This also gives more granular control of memory usage and separates the processing of static files/images and dynamic content (php.) Because of this separation apache does not load PHP into its processes when serving static content. When using mod_php, every request from a user is going to require a ~40MB process even if its a static request (30 of it being php). At least this is my understanding...please correct me if I am wrong.

You can setup one pool (www.domain1.com) to have 5 static PHP processes to handle requests, and another pool (www.domain2.com) to have 10 processes minimum and 30 maximum.

http://php-fpm.org/about/

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This also does look interesting. Any idea how much of a performance hit the server will take with some 30-40 sites running (in total about 10,000 visitors on all websites per day)? –  user60129 Jan 4 '11 at 14:12
    
Unfortunately I haven't used it in a high load environment (yet). Its definitely worth asking the PHP-FPM mailing list though: highload-php-en@googlegroups.com –  iainlbc Jan 25 '11 at 2:25

Damn right this should not happen - and if you're the admin for the site it's your fault it has happened

We are considering mod_php and FastCGI,

This is nothing to do with the problems you are currently having nor how you go about making the system secure.

First thing you need is a permissions model and processes to support the deployment of code to the server in a controlled way.

One approach would be to set up a group for each project which excludes the webserver uid, then deploying all files as rw-rw-r for the user and the development group - webserver relies on 'other' permissions to read files. Set up all directories with the group sticky bit set.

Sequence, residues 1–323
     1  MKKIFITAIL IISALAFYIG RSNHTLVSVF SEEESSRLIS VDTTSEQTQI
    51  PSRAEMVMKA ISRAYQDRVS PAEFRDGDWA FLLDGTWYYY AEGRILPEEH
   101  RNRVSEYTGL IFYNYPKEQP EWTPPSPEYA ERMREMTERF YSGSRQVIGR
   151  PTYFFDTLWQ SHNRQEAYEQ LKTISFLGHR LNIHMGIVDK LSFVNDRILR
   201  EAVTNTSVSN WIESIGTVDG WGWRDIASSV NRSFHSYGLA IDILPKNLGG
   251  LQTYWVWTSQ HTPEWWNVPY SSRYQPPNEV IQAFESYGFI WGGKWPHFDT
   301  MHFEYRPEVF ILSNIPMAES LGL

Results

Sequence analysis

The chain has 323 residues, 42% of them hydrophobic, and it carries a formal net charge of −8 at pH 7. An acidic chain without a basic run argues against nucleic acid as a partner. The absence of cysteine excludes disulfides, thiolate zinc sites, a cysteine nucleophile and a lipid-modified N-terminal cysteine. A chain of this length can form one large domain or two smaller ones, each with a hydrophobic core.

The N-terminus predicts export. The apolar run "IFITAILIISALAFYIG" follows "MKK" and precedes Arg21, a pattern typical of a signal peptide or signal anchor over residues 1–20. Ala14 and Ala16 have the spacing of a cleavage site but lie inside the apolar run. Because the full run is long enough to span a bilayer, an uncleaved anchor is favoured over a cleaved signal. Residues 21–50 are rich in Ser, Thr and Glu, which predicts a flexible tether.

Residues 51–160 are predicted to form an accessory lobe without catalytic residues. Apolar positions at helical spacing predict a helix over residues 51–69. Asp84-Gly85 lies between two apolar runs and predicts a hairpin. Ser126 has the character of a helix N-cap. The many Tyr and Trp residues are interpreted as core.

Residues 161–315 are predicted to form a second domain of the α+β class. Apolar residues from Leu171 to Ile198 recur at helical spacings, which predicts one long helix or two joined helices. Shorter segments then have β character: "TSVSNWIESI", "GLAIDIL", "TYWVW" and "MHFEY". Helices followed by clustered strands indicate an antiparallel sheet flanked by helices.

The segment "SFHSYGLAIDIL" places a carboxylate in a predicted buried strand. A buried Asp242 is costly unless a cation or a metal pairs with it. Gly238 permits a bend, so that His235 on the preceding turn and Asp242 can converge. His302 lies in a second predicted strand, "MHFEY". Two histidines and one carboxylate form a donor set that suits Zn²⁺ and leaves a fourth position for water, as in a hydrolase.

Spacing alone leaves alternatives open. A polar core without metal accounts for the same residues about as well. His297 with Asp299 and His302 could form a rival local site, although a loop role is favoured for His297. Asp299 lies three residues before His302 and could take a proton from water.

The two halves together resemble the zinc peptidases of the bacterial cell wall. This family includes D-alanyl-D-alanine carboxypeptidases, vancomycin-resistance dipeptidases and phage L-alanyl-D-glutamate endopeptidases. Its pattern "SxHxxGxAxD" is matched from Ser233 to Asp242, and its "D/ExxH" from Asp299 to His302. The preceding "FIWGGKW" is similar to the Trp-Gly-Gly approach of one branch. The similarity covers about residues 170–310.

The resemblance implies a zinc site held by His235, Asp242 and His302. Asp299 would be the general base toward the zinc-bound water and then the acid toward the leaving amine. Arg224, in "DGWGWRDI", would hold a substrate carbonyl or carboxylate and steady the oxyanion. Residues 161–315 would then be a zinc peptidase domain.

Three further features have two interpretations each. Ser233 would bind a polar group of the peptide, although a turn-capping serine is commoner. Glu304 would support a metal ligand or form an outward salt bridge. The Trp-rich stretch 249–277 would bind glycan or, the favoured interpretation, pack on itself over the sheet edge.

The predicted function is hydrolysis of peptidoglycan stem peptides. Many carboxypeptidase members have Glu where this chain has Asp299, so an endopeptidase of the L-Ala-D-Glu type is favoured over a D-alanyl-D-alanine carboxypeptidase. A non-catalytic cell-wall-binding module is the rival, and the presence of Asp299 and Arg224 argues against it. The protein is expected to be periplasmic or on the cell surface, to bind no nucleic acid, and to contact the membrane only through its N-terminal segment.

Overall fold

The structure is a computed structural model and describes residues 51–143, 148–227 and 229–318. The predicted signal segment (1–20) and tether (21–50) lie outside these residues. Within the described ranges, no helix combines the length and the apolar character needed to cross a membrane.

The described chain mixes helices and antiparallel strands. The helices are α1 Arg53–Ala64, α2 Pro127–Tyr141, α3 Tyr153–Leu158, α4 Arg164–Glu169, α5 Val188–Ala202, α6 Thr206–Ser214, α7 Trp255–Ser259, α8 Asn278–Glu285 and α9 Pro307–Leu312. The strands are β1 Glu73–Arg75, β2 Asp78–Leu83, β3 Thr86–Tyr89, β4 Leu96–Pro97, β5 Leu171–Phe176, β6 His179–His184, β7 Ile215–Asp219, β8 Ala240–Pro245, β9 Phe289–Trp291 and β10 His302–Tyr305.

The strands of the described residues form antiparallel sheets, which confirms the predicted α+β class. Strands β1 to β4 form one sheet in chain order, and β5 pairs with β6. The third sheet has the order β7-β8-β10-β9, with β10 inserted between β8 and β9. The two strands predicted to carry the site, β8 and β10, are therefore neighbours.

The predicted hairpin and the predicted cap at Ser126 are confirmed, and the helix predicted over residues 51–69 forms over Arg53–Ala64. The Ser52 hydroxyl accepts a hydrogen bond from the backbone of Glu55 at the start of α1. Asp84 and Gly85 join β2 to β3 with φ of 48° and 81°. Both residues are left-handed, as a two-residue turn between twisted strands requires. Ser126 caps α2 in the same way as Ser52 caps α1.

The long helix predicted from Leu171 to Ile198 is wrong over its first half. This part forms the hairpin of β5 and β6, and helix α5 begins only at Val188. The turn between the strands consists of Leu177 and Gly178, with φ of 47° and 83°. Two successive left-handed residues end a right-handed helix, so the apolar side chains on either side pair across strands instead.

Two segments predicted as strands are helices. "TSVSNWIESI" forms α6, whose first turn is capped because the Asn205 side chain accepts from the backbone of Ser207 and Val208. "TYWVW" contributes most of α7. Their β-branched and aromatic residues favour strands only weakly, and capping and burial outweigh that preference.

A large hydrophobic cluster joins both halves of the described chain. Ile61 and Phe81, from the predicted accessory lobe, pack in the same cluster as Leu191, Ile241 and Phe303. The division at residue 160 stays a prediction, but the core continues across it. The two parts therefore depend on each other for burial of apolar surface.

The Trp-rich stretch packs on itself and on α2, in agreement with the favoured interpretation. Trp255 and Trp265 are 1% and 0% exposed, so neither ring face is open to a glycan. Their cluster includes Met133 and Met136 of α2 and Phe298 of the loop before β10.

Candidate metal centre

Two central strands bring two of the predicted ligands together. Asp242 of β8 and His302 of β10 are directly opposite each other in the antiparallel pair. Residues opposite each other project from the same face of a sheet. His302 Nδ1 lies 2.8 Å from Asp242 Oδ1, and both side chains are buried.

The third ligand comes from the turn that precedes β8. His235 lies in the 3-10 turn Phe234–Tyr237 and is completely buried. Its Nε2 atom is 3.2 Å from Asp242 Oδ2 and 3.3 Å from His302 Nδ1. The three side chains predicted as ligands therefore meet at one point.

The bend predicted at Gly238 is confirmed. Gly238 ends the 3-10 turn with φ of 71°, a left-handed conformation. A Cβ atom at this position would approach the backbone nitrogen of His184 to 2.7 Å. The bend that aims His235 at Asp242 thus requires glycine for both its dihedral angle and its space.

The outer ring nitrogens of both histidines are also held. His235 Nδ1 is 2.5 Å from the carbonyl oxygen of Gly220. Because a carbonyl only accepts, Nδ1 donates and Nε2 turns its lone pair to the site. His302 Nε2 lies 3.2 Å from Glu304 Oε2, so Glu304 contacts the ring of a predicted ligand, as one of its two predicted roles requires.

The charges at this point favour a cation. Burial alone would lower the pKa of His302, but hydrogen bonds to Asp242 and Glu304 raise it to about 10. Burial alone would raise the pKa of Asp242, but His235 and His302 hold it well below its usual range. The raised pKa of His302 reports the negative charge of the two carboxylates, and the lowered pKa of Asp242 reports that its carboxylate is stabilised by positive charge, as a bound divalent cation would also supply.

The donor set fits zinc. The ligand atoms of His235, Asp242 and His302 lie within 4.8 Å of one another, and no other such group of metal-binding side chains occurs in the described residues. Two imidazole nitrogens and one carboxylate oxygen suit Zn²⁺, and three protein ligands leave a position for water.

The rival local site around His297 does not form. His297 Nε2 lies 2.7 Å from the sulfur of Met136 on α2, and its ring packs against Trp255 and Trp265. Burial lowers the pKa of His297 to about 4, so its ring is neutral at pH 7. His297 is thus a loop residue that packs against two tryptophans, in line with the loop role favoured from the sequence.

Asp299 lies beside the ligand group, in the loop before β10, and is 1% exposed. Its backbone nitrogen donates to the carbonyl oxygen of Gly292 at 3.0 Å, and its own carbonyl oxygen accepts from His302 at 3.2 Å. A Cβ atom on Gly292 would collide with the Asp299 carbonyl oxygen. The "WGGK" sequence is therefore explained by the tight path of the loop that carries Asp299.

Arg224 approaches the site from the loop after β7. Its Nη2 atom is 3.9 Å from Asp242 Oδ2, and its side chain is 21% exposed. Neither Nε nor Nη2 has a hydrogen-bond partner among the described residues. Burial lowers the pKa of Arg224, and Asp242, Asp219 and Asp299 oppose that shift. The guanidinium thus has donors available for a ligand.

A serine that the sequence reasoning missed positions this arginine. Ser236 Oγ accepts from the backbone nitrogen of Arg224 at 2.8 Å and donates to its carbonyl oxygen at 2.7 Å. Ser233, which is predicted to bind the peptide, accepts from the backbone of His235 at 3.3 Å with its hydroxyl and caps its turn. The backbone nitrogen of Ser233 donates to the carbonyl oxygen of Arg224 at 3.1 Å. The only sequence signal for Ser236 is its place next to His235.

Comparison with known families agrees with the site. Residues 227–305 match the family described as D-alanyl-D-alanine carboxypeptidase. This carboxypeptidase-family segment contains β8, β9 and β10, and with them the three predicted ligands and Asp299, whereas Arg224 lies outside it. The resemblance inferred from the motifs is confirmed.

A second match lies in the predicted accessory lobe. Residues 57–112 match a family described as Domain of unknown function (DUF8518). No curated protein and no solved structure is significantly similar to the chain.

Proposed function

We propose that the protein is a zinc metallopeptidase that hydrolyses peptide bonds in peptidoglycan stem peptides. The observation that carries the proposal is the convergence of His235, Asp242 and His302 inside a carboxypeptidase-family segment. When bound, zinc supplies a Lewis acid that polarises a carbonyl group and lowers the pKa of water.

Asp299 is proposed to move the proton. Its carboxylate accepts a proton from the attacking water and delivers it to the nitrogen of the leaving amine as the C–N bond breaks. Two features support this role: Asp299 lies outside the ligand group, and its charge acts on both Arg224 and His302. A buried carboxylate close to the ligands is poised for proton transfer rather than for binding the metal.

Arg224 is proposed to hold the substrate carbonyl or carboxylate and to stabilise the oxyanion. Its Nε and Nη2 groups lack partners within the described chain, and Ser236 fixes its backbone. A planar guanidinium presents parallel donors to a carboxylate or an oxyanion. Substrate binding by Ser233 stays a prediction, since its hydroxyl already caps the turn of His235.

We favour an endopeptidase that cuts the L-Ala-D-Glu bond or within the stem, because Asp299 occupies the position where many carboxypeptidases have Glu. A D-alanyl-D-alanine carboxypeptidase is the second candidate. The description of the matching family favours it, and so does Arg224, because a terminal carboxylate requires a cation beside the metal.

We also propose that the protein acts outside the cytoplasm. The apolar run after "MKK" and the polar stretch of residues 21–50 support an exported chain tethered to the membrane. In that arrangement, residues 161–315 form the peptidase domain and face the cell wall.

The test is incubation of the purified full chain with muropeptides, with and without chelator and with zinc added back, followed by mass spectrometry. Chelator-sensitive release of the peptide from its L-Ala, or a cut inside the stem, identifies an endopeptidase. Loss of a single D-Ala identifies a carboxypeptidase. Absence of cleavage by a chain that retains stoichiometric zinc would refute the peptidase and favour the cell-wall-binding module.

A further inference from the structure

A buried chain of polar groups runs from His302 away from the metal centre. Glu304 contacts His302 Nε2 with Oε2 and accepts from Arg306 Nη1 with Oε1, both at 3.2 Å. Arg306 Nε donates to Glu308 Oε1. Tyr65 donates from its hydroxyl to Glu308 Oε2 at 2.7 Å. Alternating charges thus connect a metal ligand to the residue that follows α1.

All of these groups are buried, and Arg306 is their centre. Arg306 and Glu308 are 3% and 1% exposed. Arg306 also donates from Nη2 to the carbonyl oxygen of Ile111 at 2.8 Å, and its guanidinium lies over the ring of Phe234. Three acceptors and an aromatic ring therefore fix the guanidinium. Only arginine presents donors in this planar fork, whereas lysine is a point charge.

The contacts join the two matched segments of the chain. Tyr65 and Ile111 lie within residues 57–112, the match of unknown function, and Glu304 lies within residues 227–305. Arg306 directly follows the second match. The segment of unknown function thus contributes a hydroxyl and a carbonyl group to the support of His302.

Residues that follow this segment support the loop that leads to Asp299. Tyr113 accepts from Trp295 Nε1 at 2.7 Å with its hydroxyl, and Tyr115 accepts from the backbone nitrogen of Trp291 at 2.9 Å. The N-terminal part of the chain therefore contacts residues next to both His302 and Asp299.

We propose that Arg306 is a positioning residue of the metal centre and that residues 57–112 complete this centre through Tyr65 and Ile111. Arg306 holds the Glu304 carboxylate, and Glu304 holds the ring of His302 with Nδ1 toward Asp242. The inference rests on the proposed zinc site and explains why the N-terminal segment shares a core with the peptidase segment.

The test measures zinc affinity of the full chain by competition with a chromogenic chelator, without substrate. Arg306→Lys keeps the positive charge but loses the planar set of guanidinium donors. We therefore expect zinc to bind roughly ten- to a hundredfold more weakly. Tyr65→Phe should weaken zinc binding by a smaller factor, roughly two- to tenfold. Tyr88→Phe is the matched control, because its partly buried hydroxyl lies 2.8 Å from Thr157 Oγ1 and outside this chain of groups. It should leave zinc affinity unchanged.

Each project should be in it's own subdir within the document root, and each project should have an upload dir writeable by the webserver uid outside the document root, and at least one dedicated (per group) include dir outside the document root (for preference each should be on its own vhost). Access should be restricted by open_basedir

Publish a coding standard which should specify that permissions cannot be manipulated from the standard settings - and tweak your IDS to pick up on any PHP files added or permissions changed.

But there are other models.

The important thing is that:

  • The webserver should never be able to write to files accessible directly via the webserver.

  • If user-uploaded content is to be accessible, it should be thouroughly sanitized on upload, and access mediated by a controller script.

  • in the event that malicious code is deployed on the server it should be strictly limited in the amount of damage it can do

  • it should be possible to detect when code changes are made on the system

  • Your permissions model should prevent one project from interfering with the behaviour of another project (e.g. suppose you had a common 'include' dir - even if the different projects could not amend other's files, they could mask out behaviours by using the same filename elsewhere on the include path - or worse create errors by using the same function or class name twice).

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Thanks for these suggestions. However, please note that nothing has gone wrong at this moment. We are just taking preventive measures. –  user60129 Jan 4 '11 at 14:07